Start Codon Targeted (SCoT) Polymorphism: A Simple, Novel DNA Marker Technique for Generating Gene-Targeted Markers in Plants

Abstract

Random amplified polymorphic DNA (RAPD) markers have been used for numerous applications in plant molecular genetics research despite having disadvantages of poor reproducibility and not generally being associated with gene regions. A novel method for generating plant DNA markers was developed based on the short conserved region flanking the ATG start codon in plant genes. This method uses single 18-mer primers in single primer polymerase chain reaction (PCR) and an annealing temperature of 50°C. PCR amplicons are resolved using standard agarose gel electrophoresis. This method was validated in rice using a genetically diverse set of genotypes and a backcross population. Reproducibility was evaluated by using duplicate samples and conducting PCR on different days. Start codon targeted (SCoT) markers were generally reproducible but exceptions indicated that primer length and annealing temperature are not the sole factors determining reproducibility. SCoT marker PCR amplification profiles indicated dominant marker like RAPD markers. We propose that this method could be used in conjunction with these markers for applications such as genetic analysis, bulked segregant analysis, and quantitative trait loci mapping, especially in laboratories with a preference for agarose gel electrophoresis.

This is a preview of subscription content, access via your institution.

Fig. 1
Fig. 2
Fig. 3
Fig. 4

References

  1. Andersen JR, Lubberstedt T. Functional markers in plants. Trends Plant Sci. 2003;8:554–50.

    PubMed  Article  CAS  Google Scholar 

  2. Atienzar F, Evenden A, Jha A, Savva D, Depledge M. Optimized RAPD analysis generates high-quality genomic DNA profiles at high annealing temperature. BioTechniques. 2000;28:52–4.

    PubMed  CAS  Google Scholar 

  3. Blair MW, Panaud O, McCouch SR. Inter-simple sequence repeat (ISSR) amplification for analysis of microsatellite motif frequency and fingerprinting in rice (Oryza sativa L.). Theor Appl Genet. 1999;98:780–92.

    Article  CAS  Google Scholar 

  4. Botha AM, Venter E. Molecular marker technology linked to pest and pathogen resistance in wheat breeding. S Afr J Sci. 2000;96:233–40.

    Google Scholar 

  5. Collard BCY, Das A, Virk PS, Mackill DJ. Evaluation of ‘quick and dirty’ DNA extraction methods for marker-assisted selection in rice (Oryza sativa L.). Plant Breed. 2007;126:47–50.

    Article  CAS  Google Scholar 

  6. Collard BCY, Jahufer MZZ, Brouwer JB, Pang ECK. An introduction to markers, quantitative trait loci (QTL) mapping and marker-assisted selection for crop improvement: the basic concepts. Euphytica. 2005;142:169–96.

    Article  CAS  Google Scholar 

  7. Davis TM, Yu H, Haigis KM, McGowan PJ. Template mixing: a method of enhancing detection and interpretation of codominant RAPD markers. Theor Appl Genet. 1995;91:582–8.

    Article  CAS  Google Scholar 

  8. Debener T, Mattiesch L. Effective pairwise combination of long primers for RAPD analysis. Plant Breed. 1998;117:147–51.

    Article  CAS  Google Scholar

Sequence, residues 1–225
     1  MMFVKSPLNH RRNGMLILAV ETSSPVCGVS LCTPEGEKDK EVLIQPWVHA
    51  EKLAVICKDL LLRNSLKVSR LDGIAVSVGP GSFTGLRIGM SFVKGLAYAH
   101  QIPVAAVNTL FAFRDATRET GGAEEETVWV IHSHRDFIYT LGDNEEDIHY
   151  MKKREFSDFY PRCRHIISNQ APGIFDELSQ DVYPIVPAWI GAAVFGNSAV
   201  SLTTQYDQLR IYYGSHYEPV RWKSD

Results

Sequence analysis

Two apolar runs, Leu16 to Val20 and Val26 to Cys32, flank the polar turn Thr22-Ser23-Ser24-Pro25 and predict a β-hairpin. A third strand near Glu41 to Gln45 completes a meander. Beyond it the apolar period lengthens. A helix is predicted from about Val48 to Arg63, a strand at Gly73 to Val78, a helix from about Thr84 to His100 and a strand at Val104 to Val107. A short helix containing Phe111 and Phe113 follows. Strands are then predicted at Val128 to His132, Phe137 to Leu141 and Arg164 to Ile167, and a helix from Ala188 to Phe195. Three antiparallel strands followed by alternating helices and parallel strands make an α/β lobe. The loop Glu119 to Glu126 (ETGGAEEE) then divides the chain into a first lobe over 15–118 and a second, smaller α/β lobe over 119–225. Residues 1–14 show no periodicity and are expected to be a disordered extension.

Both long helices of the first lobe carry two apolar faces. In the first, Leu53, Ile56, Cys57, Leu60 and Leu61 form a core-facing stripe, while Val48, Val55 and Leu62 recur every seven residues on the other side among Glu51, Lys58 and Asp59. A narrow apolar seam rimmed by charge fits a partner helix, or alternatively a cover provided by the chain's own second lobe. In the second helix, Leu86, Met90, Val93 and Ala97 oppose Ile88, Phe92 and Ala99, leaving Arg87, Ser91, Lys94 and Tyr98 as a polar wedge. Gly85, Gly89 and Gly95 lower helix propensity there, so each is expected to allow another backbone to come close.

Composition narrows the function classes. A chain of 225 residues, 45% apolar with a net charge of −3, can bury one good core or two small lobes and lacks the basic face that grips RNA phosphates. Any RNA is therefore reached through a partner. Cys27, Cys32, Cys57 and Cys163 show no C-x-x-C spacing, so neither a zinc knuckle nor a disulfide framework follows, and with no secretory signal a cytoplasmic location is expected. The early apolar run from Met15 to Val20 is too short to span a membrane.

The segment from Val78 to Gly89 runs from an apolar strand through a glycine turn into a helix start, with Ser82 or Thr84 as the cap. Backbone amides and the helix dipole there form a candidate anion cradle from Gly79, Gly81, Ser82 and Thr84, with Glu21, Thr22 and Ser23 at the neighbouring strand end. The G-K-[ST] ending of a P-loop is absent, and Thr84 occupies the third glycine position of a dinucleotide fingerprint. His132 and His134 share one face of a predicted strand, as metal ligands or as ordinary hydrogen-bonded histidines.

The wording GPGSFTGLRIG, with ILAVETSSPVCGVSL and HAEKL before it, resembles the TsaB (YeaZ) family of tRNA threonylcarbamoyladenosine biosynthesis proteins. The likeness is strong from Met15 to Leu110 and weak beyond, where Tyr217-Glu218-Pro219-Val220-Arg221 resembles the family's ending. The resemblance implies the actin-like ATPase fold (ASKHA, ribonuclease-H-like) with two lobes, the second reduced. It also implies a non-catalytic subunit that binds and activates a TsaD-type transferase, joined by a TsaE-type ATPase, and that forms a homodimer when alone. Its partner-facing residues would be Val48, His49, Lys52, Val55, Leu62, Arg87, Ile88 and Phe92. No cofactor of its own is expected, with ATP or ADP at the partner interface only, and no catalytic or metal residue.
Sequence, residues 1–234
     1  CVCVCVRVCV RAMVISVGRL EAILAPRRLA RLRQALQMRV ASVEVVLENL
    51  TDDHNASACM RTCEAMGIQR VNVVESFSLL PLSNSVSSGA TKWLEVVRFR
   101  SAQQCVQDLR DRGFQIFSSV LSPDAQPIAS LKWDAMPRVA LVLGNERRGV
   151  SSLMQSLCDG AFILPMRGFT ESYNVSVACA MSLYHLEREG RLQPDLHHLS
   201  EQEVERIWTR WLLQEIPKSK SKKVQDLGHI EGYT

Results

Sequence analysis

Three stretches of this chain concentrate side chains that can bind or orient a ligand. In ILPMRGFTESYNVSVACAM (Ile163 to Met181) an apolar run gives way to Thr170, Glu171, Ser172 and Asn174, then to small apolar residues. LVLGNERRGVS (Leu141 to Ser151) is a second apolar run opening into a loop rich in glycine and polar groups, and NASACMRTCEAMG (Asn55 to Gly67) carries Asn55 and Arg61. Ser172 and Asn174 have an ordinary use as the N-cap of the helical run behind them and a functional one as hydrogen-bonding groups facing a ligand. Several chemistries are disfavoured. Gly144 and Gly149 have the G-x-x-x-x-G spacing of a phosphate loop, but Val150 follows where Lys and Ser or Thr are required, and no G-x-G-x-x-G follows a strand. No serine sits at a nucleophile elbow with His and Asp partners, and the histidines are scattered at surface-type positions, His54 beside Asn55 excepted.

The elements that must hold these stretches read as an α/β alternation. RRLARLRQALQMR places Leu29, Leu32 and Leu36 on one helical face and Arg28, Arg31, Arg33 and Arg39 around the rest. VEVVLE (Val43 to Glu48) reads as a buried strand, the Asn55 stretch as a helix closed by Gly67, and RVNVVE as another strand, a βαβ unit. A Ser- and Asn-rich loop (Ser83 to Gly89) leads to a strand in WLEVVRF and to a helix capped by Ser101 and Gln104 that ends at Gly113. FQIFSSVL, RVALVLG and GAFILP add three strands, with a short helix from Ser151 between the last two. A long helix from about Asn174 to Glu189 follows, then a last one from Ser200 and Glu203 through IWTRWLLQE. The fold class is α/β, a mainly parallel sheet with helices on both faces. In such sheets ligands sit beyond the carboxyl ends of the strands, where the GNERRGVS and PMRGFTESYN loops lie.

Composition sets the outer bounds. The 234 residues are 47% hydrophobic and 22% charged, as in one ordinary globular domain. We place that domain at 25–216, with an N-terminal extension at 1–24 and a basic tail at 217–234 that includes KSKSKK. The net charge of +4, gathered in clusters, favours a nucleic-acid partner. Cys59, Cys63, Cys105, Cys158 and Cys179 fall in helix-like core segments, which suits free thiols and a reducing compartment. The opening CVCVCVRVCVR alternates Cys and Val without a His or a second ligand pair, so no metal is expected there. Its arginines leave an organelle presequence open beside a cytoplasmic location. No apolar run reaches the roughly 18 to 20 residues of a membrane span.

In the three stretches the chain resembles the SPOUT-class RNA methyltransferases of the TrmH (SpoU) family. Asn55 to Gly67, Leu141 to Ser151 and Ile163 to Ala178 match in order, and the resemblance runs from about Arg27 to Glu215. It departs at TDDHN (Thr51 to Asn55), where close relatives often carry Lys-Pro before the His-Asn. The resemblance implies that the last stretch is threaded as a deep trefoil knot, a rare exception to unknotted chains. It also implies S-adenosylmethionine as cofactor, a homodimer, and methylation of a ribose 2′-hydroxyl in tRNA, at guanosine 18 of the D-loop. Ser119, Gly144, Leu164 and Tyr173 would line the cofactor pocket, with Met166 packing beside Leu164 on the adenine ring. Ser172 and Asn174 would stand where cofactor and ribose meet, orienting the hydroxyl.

9. Dziechciarkova M, Lebeda A, Dolezalova I, Astley D. Characterization of Lactuca spp. germplasm by protein and molecular markers—a review. Plant Soil Environ. 2004;50:47–58.

    CAS  Google Scholar 

  10. Farooq S, Azam F. Molecular markers in plant breeding-II. Some prerequisites for use. Pak J Biol Sci. 2002;5:1141–7.

    Article  Google Scholar 

  11. Gillings M, Holley M. Amplification of anonymous DNA fragments using pairs of long primers generates reproducible DNA fingerprints that are sensitive to genetic variation. Electrophoresis. 1997;18:1512–8.

    PubMed  Article  CAS  Google Scholar 

  12. Gostimsky SA, Kokaeva ZG, Konovalov FA. Studying plant genome variation using molecular markers. Russ J Genet. 2005;41:378–88.

    Article  CAS  Google Scholar 

  13. Gupta M, Chyi YS, Romero-Severson J, Owen JL. Amplification of DNA markers from evolutionary diverse genomes using single primers of simple-sequence repeats. Theor Appl Genet. 1994;89:998–1006.

    Article  CAS  Google Scholar 

  14. Gupta PK, Rustgi S. Molecular markers from the transcribed/expressed region of the genome in higher plants. Funct Integr Geonomics. 2004;4:139–62.

    CAS  Google Scholar 

  15. Gupta PK, Varshney RK, Sharma PC, Ramesh B. Molecular markers and their applications in wheat breeding. Plant Breed. 1999;118:369–90.

    Article  CAS  Google Scholar 

  16. Hallden C, Hansen M, Nilsson NO, Hjerdin A, Sall T. Competition as a source of errors in RAPD analysis. Theor Appl Genet. 1996;93:185–92.

    Article  Google Scholar 

  17. Holland JB, Helland SJ, Sharopova N, Rhyne DC. Polymorphism of PCR-based markers targeting exons, introns, promoter regions, and SSRs in maize and introns and repeat sequences in oat. Genome. 2001;44:1065–76.

    PubMed  Article  CAS  Google Scholar 

  18. Hu J, Vick BA. Target region amplification polymorphism: a novel marker technique for plant genotyping. Plant Mol Biol Report. 2003;21:289–94.

    Article  CAS  Google Scholar 

  19. Johnson JR, Clabots C. Improved repetitive-element PCR fingerprinting of Salmonella enterica with the use of extremely elevated annealing temperatures. Clin Diagn Lab Immunol. 2000;7:258–64.

    PubMed  CAS  Google Scholar 

  20. Jones CJ, Edwards KJ, Castaglione S, Winfield MO, Sala F, vandeWiel C, et al. Reproducibility testing of RAPD, AFLP and SSR markers in plants by a network of European laboratories. Mol Breed. 1997;3:381–90.

    Article  CAS  Google Scholar 

  21. Joshi C, Zhou H, Huang X, Chiang VL. Context sequences of translation initiation codon in plants. Plant Mol Biol. 1997;35:993–1001.

    PubMed  Article  CAS  Google Scholar 

  22. Kalendar R. FastPCR: a PCR primer design and repeat sequence searching software with additional tools for the manipulation and analysis of DNA and protein. Available at www.biocenter.helsinki.fi/bi/programs/fastpcr.htm; 2007.